Fall in the Southern states is much different than that in other parts of the country, most notably the Northeast where rain and rapidly dropping temperatures make for a drastic change in the fall, leading into the harsh cold and heavy snows of winter.
With that said, pond owners here still need to prepare for the changing seasons. While ice and snow will likely not be a factor, the change in temperature from the sweltering days of summer to the coolness of autumn still means that there are some preparations to make to ensure your private ponds and waterways are ready for the cooler weather yet to come.
Taking care of your pond or lake requires a total management plan. As the air temperatures drop, so do water temperatures, and with a lower temperature in the water, your pond’s wildlife needs change. The first step to take is to clean the pond before the water gets below 50 degrees. Pond owners should have a thermostat in their pond to monitor changing water temperature, and can monitor it for signs that temperatures are moving into a cold-weather matter. Fish are more active when the water is warm, so there is less of a risk of them being injured while cleaning when the water is still warm.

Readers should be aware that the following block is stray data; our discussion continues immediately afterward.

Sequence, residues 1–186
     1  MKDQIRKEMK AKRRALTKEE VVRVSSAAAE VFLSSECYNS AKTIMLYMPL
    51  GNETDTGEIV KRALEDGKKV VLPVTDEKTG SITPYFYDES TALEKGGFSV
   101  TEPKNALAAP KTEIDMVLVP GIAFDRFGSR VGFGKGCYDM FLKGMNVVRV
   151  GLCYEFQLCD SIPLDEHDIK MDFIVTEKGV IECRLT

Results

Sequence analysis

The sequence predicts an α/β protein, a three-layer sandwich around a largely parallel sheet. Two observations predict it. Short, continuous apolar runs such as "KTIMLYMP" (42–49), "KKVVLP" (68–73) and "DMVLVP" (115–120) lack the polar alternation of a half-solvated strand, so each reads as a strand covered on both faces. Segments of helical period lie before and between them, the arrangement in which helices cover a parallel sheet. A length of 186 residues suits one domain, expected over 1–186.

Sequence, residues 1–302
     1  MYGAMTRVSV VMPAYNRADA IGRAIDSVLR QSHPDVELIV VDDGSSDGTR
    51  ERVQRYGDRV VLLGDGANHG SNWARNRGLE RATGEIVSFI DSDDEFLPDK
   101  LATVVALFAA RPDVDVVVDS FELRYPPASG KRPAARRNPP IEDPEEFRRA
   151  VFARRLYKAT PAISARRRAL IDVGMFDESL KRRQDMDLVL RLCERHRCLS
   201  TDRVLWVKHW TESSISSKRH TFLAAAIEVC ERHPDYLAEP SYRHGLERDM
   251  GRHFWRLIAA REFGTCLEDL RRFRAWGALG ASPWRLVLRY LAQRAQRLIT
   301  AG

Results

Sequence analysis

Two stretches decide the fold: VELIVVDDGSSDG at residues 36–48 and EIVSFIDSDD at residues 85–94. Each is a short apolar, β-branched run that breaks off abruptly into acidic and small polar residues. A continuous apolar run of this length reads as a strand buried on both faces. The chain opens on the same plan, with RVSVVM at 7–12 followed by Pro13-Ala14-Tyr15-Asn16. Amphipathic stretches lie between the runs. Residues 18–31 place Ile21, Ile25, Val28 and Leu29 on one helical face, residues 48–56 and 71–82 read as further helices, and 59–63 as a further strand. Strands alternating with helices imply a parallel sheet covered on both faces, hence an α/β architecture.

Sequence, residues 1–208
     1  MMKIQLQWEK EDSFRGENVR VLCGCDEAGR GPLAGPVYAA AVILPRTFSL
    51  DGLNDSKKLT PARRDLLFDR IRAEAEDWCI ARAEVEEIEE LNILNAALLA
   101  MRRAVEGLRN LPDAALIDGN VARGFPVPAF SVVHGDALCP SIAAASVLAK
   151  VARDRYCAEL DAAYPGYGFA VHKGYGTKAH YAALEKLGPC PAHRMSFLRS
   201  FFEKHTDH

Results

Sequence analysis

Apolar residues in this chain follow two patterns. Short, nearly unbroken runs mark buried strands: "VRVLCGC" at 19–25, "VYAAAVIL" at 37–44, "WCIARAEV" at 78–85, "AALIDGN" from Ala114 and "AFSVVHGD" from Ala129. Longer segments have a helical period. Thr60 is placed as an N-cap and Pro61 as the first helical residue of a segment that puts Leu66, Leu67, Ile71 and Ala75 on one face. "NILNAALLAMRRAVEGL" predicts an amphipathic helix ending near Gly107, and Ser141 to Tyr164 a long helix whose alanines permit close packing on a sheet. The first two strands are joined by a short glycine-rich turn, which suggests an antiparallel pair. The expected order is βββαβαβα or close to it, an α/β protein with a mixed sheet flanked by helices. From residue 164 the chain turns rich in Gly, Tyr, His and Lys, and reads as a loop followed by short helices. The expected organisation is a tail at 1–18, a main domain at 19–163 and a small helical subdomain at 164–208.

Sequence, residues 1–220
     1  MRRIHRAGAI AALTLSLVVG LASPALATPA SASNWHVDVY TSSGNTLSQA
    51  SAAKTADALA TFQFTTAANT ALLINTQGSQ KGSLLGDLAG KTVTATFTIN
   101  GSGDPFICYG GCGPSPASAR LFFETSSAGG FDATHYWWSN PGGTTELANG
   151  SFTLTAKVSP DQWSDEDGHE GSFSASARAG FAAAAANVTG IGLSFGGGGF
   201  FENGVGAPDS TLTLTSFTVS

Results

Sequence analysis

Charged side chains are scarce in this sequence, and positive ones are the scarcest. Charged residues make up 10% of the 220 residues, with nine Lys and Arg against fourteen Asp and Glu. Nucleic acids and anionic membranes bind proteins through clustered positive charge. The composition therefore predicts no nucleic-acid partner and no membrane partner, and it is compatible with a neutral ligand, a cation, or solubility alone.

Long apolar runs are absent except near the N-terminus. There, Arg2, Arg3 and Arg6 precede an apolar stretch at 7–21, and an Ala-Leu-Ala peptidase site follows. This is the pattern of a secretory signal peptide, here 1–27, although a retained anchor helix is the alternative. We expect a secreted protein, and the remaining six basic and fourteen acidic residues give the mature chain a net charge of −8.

To clean the pond, first remove all the debris from the surface and the pond’s edge. This can include plants that may have sprung up, like weeds or cattails. You may also work to remove excess water weed growth as well. While these do offer a bit of food and protection for smaller fish in the pond, they can also become dead rot as water temperatures fall.
For smaller decorative ponds, you’ll also want to fully change out the water. Remember to add a water conditioner to remove harmful contaminants. You can also place a net about 18 inches above the pond to help catch the heavier debris, like falling leaves, as autumn progresses.
Owners should also alter the fish’s diet. In cold weather, you may want to reduce how much you feed the fish – or even stop feeding them all. Autumn is also a good time to restock your pond if needed, getting the population ready to go and thrive again as soon as spring arrives.
If you’re not sure of the best course of action for your pond, give the team at Kenneth Henneke Fish Hatchery a call. We can help with your cleaning and winter pond maintenance planning, and make sure that your pond – and the fish within it – will survive the colder months and be ready for spring. Learn more about our total pond and lake management services by giving us a call at 361-798-5934.